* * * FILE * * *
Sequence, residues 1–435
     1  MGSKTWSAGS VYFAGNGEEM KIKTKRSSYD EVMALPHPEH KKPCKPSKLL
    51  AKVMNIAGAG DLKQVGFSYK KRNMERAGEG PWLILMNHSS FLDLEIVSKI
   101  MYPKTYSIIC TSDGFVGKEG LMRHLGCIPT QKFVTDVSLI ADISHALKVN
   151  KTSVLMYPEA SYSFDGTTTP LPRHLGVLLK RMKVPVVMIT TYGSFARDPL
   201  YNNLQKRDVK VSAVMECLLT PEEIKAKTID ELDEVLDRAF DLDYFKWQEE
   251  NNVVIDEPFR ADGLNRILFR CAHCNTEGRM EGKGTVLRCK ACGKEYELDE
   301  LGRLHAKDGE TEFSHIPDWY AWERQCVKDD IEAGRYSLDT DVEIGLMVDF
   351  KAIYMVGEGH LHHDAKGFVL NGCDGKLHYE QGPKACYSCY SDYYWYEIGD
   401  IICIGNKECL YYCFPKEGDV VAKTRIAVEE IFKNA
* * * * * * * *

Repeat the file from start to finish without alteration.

Sequence, residues 1–435
     1  MGSKTWSAGS VYFAGNGEEM KIKTKRSSYD EVMALPHPEH KKPCKPSKLL
    51  AKVMNIAGAG DLKQVGFSYK KRNMERAGEG PWLILMNHSS FLDLEIVSKI
   101  MYPKTYSIIC TSDGFVGKEG LMRHLGCIPT QKFVTDVSLI ADISHALKVN
   151  KTSVLMYPEA SYSFDGTTTP LPRHLGVLLK RMKVPVVMIT TYGSFARDPL
   201  YNNLQKRDVK VSAVMECLLT PEEIKAKTID ELDEVLDRAF DLDYFKWQEE
   251  NNVVIDEPFR ADGLNRILFR CAHCNTEGRM EGKGTVLRCK ACGKEYELDE
   301  LGRLHAKDGE TEFSHIPDWY AWERQCVKDD IEAGRYSLDT DVEIGLMVDF
   351  KAIYMVGEGH LHHDAKGFVL NGCDGKLHYE QGPKACYSCY SDYYWYEIGD
   401  IICIGNKECL YYCFPKEGDV VAKTRIAVEE IFKNA